Fig. 1

a Double inversion-recovery T1-weighted image demonstrates a relatively isointense lobulated mass in the free wall of right atrium. b Gadolinium-enhanced T1-weighted image shows heterogeneous enhancement of the mass. Within the mass, some portions had no enhancement, representing intra-tumoral thrombosis or necrosis

Surgical resection of cardiac tumor was performed, in which the pericardium was thickened without adhesion, and a blackish friable protruding mass was observed within the right atrium near the inferior vena cava. The pathology diagnosis was angiosarcoma. There was no gross residual disease on surgical field and on postoperative cardiac MRI, although microscopic examination showed tumor involvement of the resection margin.

The patient was treated with adjuvant concurrent chemoradiotherapy (CRT) 5000 cGys/30 fractions with five cycles of weekly docetaxel (25 mg/m2). He tolerated the treatment very well except for several episodes of palpitation, which started after surgery and before initiation of CRT. Paroxysmal atrial fibrillation was diagnosed that subsided after completion of CRT. There was no evidence of recurrence until April 2014, when three liver metastases were found on liver MRI. The patient was treated with hepatic metastasectomy and palliative chemotherapy with weekly paclitaxel for 16 weeks until when new liver metastases were noted in January 2015. Then he subsequently received pazopanib for another 6 months. He eventually died of disease progression in October 2015; overall survival was 32 months.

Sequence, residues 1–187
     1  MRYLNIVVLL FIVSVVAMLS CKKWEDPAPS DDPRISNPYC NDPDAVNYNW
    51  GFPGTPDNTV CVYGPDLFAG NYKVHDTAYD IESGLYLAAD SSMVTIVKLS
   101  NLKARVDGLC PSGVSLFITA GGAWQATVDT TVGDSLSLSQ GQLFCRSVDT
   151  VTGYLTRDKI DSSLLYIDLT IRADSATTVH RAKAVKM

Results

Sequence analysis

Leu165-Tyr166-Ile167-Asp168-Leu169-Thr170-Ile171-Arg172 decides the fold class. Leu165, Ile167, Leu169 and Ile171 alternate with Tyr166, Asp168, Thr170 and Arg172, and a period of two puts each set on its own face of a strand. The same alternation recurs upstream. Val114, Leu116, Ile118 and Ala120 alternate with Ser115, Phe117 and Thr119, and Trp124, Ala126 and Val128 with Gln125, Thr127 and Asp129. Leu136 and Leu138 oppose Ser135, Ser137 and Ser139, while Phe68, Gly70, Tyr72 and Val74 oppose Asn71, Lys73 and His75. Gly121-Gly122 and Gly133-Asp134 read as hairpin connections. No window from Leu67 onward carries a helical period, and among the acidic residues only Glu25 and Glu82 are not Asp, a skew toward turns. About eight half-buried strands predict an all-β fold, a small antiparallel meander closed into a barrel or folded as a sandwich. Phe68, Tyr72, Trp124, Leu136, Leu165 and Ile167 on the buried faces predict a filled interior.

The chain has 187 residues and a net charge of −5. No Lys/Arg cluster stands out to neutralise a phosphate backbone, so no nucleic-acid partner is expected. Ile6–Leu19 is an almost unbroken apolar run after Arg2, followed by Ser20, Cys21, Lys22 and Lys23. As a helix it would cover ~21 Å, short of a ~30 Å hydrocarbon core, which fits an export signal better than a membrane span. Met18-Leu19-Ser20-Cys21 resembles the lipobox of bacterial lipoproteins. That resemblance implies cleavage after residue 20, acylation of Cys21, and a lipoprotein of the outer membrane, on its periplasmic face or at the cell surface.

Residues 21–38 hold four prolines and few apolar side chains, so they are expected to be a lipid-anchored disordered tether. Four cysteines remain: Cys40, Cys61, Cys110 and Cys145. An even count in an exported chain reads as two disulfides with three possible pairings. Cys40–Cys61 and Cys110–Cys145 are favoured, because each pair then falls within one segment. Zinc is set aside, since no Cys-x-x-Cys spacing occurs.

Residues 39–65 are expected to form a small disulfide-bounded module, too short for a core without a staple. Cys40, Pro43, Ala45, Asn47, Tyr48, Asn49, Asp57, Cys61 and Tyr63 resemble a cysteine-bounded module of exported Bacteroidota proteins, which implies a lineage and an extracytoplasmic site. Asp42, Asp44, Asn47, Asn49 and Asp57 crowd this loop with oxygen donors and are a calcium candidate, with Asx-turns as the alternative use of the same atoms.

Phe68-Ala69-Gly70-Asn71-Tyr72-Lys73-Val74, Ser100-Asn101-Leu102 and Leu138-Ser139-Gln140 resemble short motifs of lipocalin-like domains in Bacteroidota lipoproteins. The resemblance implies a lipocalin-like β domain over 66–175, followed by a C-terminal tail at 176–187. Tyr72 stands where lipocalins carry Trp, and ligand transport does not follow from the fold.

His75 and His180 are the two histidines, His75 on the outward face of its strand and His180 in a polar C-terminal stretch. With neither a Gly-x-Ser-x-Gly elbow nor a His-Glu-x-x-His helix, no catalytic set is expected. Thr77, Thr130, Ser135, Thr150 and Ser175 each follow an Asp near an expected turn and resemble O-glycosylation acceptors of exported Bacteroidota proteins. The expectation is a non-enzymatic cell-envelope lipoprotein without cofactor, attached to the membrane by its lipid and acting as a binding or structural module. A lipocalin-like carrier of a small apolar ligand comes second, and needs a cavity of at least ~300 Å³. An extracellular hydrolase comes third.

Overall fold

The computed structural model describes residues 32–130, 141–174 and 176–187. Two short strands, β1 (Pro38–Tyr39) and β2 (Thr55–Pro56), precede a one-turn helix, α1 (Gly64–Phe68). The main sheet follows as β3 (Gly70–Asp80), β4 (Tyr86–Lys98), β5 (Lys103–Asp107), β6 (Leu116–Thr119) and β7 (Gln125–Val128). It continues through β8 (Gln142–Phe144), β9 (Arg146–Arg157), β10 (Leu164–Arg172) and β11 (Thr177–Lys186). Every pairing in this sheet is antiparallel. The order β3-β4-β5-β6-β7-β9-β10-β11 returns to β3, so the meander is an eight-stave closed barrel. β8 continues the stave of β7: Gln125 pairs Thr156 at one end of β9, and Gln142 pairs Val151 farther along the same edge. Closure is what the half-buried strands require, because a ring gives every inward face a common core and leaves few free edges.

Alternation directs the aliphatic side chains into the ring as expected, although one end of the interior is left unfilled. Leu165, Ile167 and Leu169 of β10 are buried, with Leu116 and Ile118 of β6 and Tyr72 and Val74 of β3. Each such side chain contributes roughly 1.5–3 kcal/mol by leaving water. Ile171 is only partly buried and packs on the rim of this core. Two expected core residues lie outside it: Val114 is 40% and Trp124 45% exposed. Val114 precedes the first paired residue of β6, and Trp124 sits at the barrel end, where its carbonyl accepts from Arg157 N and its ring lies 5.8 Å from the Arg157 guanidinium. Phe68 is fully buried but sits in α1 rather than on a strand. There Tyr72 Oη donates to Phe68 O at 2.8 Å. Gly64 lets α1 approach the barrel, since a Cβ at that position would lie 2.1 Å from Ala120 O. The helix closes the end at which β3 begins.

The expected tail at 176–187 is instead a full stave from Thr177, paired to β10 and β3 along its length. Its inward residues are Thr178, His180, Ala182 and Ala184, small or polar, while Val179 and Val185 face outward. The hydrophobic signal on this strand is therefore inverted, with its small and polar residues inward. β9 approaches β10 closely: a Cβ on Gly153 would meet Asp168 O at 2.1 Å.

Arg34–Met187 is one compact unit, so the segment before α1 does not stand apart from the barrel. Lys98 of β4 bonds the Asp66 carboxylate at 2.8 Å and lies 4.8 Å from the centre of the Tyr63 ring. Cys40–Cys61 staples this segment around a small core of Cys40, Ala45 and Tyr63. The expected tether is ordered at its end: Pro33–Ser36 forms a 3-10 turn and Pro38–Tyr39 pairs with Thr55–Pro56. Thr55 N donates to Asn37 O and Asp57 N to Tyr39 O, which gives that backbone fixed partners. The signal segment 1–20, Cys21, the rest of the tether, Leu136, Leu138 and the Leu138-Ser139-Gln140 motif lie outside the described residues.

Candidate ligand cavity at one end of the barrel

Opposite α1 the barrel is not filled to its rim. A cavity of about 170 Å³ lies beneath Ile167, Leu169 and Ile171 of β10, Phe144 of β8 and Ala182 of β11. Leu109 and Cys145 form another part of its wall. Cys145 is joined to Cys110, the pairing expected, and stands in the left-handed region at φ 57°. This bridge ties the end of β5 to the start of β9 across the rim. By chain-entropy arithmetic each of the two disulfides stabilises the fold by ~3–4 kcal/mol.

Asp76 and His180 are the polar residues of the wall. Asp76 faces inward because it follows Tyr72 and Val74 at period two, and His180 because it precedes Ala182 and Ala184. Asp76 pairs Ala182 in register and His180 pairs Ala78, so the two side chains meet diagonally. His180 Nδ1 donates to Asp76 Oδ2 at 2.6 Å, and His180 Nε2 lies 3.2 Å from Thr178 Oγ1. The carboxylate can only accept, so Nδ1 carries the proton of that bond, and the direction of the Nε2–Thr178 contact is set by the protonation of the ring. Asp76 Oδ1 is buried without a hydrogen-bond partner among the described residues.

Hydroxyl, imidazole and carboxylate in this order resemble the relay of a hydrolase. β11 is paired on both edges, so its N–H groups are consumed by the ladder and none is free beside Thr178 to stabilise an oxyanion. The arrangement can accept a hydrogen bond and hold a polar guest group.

Discussion and conclusion

Optimal treatment strategy for primary cardiac sarcomas is not established. Complete surgical resection, while challenging, is associated with better prognosis (Isambert et al. 2014; Llombart-Cussac et al. 1998; Simpson et al. 2008). A few case reports showed successful treatment of this aggressive disease with multidisciplinary treatment (Baay et al. 1994; Kakizaki et al. 1997), and afterwards many case series suggested a favorable role of multimodal therapy for improved survival (Isambert et al. 2014; Simpson et al. 2008; Randhawa et al. 2014; Barreiro et al. 2013; Bakaeen et al. 2009). A recent series of primary cardiac sarcomas describes a role of surgical resection in pauci-metastatic patients and radiotherapy in cases with incomplete resection or no surgery for prolonging survival (Isambert et al. 2014).